“The first time she sent a story out, it was accepted, and the first time she sent a poem out, it was accepted,” says Boyle. “She’s been published in all sorts of wonderful magazines.”
The hurdle Tunney needed to overcome was self-rejection. Growing up, she never thought she could be a writer. “It seemed like such a high-falutin’ thing to want to do,” Tunney says. “I kept it hidden for a long time.”
At 19, she began working for the National Research Council and stayed for 35 years, in a variety of different positions until her retirement.
“I never thought I could go to university. I didn’t think I was smart enough. That was the hardest thing to get over,” she says.
She did more than get over it, completing a B.A. and M.A. in English Literature through night classes at Carleton University while she worked full-time. She went on to start a PhD at the University of Ottawa, but she was unable to complete it because of a variety of circumstances in her life.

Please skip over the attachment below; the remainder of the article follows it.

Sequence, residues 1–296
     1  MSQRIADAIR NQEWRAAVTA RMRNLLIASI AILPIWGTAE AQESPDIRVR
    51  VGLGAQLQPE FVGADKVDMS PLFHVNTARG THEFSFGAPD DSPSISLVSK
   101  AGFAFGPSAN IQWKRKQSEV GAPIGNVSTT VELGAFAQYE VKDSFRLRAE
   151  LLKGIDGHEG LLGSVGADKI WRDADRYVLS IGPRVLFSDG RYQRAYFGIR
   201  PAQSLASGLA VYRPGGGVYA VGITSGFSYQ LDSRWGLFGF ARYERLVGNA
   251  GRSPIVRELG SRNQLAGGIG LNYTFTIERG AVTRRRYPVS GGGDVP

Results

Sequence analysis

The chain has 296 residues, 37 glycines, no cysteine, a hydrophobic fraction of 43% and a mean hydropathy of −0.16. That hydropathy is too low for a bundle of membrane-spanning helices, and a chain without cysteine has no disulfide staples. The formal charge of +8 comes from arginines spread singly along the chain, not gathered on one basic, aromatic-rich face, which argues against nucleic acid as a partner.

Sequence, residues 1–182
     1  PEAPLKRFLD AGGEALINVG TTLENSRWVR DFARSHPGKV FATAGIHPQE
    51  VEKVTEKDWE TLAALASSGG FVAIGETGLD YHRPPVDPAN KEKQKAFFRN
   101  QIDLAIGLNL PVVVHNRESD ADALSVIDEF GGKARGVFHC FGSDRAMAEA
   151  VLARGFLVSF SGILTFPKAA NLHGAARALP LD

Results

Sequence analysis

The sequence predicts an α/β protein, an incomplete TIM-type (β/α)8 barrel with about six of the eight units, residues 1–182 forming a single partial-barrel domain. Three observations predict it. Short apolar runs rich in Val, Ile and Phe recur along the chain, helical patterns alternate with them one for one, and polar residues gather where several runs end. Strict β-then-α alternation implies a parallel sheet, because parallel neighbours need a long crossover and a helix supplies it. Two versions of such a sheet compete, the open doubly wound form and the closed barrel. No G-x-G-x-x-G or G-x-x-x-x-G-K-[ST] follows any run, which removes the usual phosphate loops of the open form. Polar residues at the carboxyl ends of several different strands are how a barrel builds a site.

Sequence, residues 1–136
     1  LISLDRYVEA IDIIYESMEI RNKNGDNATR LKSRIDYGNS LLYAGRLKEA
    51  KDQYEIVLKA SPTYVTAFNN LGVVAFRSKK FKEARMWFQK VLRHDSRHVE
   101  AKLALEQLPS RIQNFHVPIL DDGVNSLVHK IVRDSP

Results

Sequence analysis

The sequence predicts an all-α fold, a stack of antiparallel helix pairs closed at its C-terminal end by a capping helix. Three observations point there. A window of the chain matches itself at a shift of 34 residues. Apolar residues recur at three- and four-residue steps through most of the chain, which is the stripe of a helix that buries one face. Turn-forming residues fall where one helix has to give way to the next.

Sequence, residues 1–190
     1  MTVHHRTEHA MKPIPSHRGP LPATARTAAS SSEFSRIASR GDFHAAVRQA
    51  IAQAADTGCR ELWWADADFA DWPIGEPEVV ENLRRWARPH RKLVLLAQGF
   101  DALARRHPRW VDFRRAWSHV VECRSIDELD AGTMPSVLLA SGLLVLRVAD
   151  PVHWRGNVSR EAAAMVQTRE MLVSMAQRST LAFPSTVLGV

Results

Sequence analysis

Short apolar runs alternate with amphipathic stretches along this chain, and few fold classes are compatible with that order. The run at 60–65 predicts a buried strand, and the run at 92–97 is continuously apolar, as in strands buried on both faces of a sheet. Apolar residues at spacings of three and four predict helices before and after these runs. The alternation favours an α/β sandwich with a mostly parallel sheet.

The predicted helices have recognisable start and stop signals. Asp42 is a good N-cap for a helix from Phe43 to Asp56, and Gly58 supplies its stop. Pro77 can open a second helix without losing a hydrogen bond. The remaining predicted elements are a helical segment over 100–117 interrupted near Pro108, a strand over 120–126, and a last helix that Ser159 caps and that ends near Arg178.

Rather than abandon her writing, Tunney instead enrolled in a correspondence course at Humber College led by award-winning fiction writer and memoirist Isabel Huggan, who won the Charles Taylor Prize for Literary Non-Fiction in 2004.
Huggan started at the school in 1998 and Tunney was one of her first students.
“I was just beginning my work as a mentor. I was a real fussbudget,” says Huggan. “She would get a manuscript that was just covered with suggestions and cuts and grammatical points, and what I loved about her was that she didn’t find that distressing. It was like food.”